Timing tools and support in a course

support I would like to investigate if it is possible to concentrate on specific tools and support  as course continues and also when we could rely on and develop students inner motivations to continue the course and not drop out. The questions for this short post is (1): Which tools could be used for all this? When would for example tools for face-to-face contact, for peer support, and so on be most effective?

When needed

What is needed

When course start

When in the middle of a course When course ends
tools that could be used Community-building tools

Online resources and printed materials

Community-building tools

Face-to-face contact

Online resources and printed materials

Community-building tools

Face-to-face contact

Engaging with relevant professional groups

support that is needed Registration

Technological support

Library resources: how to search databases

Facilitate the building of study groups

Encourage peer support and greater participation from all students

Technological support

Feedback on assignments

Encourage peer support and greater participation from all students

Assistance in writing papers and referencing (web-based resources)

Technological support

Feedback on assignments

Encourage peer support and greater participation from all students

Assistance in writing papers and referencing (web-based resources)

when/how could we trust on and develop existing strengths in students Emphasise the positive during initial contact Identify underlying values, goals and motivation

Identify resources, protective factors and potentials of learners

Focus on existing assets and competencies

Encourage narration (life story, putting life in perspective, making sense of it)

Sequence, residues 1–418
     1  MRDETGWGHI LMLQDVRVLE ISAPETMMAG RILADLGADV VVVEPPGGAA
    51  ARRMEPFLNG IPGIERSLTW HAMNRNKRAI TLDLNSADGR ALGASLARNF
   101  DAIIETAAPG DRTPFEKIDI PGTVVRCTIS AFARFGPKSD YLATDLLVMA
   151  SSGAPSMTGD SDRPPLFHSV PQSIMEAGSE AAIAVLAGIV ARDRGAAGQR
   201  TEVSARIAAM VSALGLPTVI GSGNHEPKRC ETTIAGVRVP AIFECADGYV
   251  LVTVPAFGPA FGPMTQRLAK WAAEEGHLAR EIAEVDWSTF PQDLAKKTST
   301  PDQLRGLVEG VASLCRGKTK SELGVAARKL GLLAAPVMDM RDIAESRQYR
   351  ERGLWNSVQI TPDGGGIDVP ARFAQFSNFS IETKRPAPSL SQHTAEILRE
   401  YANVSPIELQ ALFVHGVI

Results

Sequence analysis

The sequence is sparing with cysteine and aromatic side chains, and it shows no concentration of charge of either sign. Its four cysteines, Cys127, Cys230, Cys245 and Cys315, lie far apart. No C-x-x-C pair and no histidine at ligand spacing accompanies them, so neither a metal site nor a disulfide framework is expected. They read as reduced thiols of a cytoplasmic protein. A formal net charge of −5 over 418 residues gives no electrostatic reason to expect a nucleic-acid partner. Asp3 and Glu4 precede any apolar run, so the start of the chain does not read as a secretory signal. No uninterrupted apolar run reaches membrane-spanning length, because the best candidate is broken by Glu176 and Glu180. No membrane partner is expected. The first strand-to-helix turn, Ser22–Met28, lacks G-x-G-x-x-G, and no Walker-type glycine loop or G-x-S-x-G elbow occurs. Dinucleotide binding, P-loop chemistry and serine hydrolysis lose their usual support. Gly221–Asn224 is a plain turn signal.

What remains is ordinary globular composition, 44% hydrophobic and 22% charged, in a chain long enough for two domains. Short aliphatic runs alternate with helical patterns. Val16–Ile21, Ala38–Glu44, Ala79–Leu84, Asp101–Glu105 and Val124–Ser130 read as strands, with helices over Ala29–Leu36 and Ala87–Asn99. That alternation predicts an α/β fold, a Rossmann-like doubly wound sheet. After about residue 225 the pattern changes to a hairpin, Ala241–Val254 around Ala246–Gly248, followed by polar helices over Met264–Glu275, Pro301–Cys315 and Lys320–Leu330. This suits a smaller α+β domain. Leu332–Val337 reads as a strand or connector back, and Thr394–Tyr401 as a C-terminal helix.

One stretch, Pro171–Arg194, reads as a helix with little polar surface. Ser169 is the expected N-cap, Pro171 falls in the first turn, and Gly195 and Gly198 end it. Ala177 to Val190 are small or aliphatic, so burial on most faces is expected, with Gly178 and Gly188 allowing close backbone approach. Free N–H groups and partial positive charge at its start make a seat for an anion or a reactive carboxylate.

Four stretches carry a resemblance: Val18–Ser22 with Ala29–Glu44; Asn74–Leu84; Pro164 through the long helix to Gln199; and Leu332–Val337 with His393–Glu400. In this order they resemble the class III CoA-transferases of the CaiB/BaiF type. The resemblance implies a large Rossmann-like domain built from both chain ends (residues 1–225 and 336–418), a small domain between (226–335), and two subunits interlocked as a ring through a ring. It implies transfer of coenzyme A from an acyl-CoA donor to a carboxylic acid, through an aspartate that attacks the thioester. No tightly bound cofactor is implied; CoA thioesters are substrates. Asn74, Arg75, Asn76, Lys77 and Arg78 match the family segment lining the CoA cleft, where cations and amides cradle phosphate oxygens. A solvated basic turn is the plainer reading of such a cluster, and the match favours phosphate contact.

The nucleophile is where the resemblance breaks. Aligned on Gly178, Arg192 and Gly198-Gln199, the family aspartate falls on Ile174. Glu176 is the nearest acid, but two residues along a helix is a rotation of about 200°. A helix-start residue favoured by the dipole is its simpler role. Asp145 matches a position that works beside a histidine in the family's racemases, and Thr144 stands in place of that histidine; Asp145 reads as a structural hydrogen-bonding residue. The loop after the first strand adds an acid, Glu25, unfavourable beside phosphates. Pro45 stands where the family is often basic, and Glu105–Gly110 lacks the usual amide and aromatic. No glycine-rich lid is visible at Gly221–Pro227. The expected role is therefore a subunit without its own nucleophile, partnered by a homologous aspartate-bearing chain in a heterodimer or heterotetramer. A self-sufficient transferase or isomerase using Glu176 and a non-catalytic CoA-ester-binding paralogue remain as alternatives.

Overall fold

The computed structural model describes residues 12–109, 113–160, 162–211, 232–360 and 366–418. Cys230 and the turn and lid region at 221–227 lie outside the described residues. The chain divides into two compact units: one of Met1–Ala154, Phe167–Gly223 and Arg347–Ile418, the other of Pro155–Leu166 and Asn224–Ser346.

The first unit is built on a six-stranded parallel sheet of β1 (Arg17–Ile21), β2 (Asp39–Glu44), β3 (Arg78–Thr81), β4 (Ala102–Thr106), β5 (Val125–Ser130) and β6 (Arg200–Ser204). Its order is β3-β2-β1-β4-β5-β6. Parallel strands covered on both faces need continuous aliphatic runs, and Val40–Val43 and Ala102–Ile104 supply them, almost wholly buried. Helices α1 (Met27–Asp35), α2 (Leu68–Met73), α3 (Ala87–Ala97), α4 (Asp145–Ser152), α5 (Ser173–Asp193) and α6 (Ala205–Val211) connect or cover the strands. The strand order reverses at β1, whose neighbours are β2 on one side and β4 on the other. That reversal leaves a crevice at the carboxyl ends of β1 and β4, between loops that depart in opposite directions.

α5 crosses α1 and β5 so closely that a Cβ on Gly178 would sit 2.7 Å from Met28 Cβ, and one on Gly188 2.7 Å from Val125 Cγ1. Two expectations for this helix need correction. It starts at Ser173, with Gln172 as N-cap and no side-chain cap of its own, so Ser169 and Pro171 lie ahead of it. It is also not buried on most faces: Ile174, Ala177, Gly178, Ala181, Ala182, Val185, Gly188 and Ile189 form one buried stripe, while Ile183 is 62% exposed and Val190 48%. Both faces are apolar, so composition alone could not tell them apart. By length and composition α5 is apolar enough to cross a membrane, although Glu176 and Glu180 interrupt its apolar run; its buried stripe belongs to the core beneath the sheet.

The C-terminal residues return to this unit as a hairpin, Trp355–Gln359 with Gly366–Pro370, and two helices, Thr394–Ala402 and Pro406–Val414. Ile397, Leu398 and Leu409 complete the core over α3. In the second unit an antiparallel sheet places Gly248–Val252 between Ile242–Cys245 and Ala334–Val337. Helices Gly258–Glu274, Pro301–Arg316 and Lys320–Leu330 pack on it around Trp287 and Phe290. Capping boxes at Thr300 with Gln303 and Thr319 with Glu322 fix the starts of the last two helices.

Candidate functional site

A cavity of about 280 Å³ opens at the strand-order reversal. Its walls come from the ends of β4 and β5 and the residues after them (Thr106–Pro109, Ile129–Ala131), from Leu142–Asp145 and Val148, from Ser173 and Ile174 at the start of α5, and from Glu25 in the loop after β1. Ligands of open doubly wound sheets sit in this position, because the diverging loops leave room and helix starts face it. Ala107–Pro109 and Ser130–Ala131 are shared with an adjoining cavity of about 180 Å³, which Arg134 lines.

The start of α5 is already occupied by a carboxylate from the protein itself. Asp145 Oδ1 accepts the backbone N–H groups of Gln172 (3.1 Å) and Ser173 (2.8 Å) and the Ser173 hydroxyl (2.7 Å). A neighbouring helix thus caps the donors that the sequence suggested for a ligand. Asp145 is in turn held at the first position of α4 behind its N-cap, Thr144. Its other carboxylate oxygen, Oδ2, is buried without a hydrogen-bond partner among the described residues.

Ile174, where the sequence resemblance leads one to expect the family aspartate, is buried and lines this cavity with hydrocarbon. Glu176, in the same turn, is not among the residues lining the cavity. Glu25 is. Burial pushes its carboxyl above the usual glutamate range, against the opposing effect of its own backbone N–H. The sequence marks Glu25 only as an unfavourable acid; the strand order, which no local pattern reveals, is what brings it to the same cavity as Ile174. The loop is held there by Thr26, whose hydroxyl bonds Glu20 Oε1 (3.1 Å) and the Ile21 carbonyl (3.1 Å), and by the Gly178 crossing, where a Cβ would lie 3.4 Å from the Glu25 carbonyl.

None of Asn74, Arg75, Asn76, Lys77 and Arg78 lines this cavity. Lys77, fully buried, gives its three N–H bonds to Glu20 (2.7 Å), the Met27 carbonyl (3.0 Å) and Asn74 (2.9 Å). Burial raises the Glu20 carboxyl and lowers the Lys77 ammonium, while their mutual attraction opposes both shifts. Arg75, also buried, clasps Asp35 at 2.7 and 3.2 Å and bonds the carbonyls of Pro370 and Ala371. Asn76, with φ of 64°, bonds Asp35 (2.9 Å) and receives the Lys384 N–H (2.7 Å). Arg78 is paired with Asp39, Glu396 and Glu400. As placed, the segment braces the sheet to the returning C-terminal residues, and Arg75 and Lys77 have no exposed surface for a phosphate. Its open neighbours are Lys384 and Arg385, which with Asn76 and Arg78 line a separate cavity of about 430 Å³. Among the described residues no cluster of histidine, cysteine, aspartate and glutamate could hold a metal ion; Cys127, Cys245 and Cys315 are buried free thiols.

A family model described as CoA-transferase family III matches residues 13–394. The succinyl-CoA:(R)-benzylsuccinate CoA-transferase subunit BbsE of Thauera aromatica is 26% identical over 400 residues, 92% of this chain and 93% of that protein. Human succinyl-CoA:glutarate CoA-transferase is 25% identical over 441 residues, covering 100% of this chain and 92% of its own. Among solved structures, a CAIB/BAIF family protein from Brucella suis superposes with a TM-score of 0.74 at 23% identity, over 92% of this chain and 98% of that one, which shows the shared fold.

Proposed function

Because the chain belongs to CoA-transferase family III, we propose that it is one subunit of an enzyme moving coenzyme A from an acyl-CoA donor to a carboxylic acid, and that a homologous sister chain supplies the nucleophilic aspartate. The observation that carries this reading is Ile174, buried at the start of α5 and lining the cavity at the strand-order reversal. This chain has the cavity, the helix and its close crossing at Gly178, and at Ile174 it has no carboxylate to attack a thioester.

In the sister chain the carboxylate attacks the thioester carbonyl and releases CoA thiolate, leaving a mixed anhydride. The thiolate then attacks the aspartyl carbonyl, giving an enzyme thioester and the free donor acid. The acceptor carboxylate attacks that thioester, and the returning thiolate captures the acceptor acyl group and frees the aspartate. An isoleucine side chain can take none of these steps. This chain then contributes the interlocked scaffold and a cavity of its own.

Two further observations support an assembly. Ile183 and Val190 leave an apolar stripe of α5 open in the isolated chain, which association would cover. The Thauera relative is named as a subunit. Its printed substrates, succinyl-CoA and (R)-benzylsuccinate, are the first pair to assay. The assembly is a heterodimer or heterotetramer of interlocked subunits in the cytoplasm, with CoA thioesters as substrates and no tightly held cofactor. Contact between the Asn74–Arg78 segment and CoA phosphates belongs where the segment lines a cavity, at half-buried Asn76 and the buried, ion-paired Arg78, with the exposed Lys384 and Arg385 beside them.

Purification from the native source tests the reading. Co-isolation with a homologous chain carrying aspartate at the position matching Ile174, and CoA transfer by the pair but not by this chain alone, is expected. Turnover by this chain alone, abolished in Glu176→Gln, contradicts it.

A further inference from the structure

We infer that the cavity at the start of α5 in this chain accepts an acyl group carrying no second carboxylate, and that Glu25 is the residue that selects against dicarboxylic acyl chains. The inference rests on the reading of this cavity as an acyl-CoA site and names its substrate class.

Building psycho-social connections between peers

Validate effort rather than achievement.

Draw out past successes and high point moments

Encourage ‘positive affect’ (hope and elevated thoughts)

Emphasised psycho-social connections within the study groups

Validate effort rather than achievement..

It seems to me that many of these tools, supportive actions or trust on students strengths don’t focus on difficulties to finish a course. They may work well in the middle of a course but to me it has become obvious that we need special tools and support aimed for the last months or weeks of a course to prevent students from droping out. At the end of a course it often becomes harder  and harder for learners to keep up the good work as thoughts on the life without the course emerges as a possible reality. Then we should focus on community-building tools ,tools for face-to-face contact and to  engage students in relevant professional groups. We ought to continue with a high standard of technological support, give supportive feedback on assignments, encourage peer support and greater participation from all students and give assistance in writing papers and referencing litterature. At the end of a course it also becomes more important to draw out past successes and high point moments from the course, give and encourage ‘positive affect’ (such as hope and elevated thoughts), emphasise psycho-social connections within the study groups and validate effort rather than achievement.

(1) Thanks to Fariborz Zelli for summing up this weeks litterture in our G+ document (that is: Simpson, O. (2008). Motivating learners in open and distance learning: do we need a new theory of learner support?. Open Learning, 23(3), 159-170; The 3E Framework by Keith Smyth; Anderson, T. (Ed.). (2008). The theory and practice of online learning (pp 419-439). Athabasca University Press)

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